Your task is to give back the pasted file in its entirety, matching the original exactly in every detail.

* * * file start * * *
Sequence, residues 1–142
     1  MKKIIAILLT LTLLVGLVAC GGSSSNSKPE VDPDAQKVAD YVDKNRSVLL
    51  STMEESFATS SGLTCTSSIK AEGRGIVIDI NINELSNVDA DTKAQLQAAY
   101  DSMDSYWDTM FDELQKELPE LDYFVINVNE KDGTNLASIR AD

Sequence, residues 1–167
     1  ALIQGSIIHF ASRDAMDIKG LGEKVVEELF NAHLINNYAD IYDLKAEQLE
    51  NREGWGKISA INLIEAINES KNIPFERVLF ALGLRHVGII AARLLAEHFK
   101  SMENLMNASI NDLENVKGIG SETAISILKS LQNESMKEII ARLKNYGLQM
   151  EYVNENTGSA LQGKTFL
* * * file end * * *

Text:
Sequence, residues 1–142
     1  MKKIIAILLT LTLLVGLVAC GGSSSNSKPE VDPDAQKVAD YVDKNRSVLL
    51  STMEESFATS SGLTCTSSIK AEGRGIVIDI NINELSNVDA DTKAQLQAAY
   101  DSMDSYWDTM FDELQKELPE LDYFVINVNE KDGTNLASIR AD

Sequence, residues 1–167
     1  ALIQGSIIHF ASRDAMDIKG LGEKVVEELF NAHLINNYAD IYDLKAEQLE
    51  NREGWGKISA INLIEAINES KNIPFERVLF ALGLRHVGII AARLLAEHFK
   101  SMENLMNASI NDLENVKGIG SETAISILKS LQNESMKEII ARLKNYGLQM
   151  EYVNENTGSA LQGKTFL